One of the many tricks that parents use to try to help their baby sleep through the night is a “dream feed”.
What this typically means is that at some point in the night – usually just before going to bed themselves – a parent will feed their half-asleep baby in the hopes that this will fill her up and result in an extra few hours of sleep for everyone.
But does this practice actually work? Is it a good idea? In my experience, a dream feed rarely works and if it does, the “dream” doesn’t last for long. Sure, occasionally some parents will say that an 11:00 p.m. dream feed resulted in their baby sleeping through until 6:00 or 7:00 a.m., but more often than not, a dream feed is not as magical as it sounds. For some parents, this feed actually interrupts a period of deep, restorative sleep, and baby ends up having a very difficult time falling back to sleep. For other families, the feed doesn’t make much of a difference at all; baby still continues to wake up around 2:00-3:00 a.m. and needs something to help her fall back to sleep.
Despite your best intentions, there are also some inadvertent negative consequences that can accompany a dream feed. Waking your baby from a deep sleep to feed may actually disrupt your baby’s natural sleep/wake rhythm and interfere with her natural 24-hour cycle. This can result in the creation of a new habit where your baby starts waking up around this same time each night, even when a night feed is no longer necessary.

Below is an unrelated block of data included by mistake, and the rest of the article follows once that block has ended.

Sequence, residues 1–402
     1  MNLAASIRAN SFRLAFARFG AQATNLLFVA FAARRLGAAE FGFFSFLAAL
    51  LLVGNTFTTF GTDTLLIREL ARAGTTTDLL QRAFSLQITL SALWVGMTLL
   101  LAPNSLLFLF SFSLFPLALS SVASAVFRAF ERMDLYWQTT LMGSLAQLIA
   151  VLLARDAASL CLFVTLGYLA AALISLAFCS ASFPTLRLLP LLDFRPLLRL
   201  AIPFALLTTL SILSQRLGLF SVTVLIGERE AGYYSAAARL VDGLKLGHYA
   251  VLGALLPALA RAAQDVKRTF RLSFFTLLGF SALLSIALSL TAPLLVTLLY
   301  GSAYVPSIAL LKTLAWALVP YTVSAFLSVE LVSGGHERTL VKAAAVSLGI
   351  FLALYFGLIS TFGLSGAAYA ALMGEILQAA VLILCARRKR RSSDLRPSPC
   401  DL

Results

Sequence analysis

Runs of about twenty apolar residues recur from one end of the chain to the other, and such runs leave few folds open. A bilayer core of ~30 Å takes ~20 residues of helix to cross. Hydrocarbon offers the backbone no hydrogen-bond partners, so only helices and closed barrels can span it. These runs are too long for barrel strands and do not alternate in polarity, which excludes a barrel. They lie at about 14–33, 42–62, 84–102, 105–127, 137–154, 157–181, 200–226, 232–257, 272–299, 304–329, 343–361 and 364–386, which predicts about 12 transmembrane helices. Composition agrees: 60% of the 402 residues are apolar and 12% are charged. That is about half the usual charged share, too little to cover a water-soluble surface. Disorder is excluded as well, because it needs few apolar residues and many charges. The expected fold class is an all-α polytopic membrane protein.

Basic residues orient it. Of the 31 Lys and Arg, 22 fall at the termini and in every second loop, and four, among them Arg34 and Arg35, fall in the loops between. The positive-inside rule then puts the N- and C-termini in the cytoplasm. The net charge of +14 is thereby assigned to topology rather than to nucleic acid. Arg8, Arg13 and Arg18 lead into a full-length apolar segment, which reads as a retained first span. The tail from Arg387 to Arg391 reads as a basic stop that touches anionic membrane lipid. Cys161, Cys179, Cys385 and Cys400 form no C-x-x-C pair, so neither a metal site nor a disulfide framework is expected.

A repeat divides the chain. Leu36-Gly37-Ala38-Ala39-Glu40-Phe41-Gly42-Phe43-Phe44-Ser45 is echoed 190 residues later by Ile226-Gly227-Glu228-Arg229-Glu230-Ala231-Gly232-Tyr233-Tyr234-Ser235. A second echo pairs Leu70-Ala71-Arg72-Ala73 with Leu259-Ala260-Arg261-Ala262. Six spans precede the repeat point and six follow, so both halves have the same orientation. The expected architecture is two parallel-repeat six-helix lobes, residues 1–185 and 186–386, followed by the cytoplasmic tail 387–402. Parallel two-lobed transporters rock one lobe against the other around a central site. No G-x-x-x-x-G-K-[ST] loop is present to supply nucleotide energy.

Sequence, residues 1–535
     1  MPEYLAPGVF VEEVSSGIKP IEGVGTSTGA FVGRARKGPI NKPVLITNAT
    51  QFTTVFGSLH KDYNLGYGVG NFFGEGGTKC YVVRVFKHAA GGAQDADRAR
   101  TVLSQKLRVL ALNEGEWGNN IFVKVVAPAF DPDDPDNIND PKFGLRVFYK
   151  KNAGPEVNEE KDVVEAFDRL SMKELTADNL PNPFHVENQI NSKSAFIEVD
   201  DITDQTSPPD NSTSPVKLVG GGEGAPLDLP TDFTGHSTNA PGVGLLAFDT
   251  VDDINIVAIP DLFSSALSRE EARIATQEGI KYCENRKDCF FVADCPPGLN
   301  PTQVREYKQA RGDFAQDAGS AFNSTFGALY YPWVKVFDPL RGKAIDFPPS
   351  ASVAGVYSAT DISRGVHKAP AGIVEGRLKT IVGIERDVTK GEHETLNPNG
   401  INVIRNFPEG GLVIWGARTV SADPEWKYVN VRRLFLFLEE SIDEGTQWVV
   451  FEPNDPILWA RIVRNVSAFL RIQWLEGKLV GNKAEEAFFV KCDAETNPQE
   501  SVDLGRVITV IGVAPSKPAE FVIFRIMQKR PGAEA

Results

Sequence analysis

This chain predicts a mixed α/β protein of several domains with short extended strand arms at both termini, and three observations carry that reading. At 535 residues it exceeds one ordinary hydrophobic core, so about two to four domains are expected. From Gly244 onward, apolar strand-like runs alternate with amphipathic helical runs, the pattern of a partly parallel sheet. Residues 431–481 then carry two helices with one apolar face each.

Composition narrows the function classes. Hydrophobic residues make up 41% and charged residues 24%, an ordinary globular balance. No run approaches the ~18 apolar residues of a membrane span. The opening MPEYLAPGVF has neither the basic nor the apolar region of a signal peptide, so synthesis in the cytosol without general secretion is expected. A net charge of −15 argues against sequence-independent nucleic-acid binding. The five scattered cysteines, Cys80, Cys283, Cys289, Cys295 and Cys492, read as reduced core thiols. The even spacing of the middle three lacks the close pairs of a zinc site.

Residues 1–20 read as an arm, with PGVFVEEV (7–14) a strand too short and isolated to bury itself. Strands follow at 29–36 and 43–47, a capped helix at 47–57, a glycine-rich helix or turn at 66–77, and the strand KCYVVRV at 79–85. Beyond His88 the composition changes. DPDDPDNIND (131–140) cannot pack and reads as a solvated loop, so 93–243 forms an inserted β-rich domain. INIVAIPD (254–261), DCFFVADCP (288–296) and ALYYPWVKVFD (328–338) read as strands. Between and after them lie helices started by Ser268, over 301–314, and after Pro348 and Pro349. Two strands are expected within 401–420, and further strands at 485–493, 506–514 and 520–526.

Additionally, dream feeds may actually be counterintuitive to the goal you’re trying to accomplish: helping your baby sleep through the night. A dream feed can actually perpetuate the feed-to-sleep association which is very hard to break. If your little one relies on a feeding to get drowsy and fall asleep – whether this is at bedtime or during a dream feed – they are going to look for a feeding during the night in between sleep cycles to help them get back to sleep. Once your baby is a little older, this will likely result in more frequent night wake-ups rather than a long, consolidated period of sleep. Usually by 12 weeks of age, a baby’s biology and development are already falling in line with consolidated nighttime sleep, but you are going to want to do everything you can to encourage that.
If you are currently doing a dream feed and it is working, great! No need to mess with success. However, if there comes a time where it is no longer working, you’ll know quickly. Either your child will begin struggling to fall back to sleep after the feed, or they will begin waking more frequently through the night rendering the dream feed irrelevant.
And if you’re looking for other strategies to successfully extend your baby’s sleep for good, you know where to find me!